At times like these, leaders’ ability to keep their cool and display grace under pressure is severely tested. Yet it couldn’t be more important in helping to lead your teams through and inspire them to help create the future of your organization.
Unfortunately, composure in leadership is uncommon. In new research of over 39,000 surveys, we found that composure ranked last of the 15 qualities of executive presence. In this article, published in Fall issue of Rotman Management Magazine, Suzanne Bates and Andy Atkins share the research findings on composure in leaders, and provide strategies for leaders to buck the trend and keep their composure even in the most stressful of circumstances.
Losing your cool is not a weakness. It is a sign that you are human. Deep emotions are part of life’s struggle. Successful people hold themselves to high standards. Sometimes, we fail. It is important to look at these feelings not as failure, but an opportunity to mature and display even more grace under pressure without sacrificing our mental and emotional health. Composure is a cultivated skill, nurtured in part through self-care, and in part through new learned behaviors. We are not born knowing how to do this. We learn it through experience and practice.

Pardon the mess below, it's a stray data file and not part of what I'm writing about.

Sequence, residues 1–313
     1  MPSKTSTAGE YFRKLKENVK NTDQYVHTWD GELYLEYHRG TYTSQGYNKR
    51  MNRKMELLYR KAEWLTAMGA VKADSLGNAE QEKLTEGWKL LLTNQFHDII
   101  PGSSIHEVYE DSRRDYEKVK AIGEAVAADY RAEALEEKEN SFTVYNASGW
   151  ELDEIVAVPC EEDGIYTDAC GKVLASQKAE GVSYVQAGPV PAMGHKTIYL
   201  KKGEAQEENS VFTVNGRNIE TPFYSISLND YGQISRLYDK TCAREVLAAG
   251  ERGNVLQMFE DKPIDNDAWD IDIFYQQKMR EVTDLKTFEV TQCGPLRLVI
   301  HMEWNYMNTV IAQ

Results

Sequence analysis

(This article appears in Rotman Management Fall 2020.)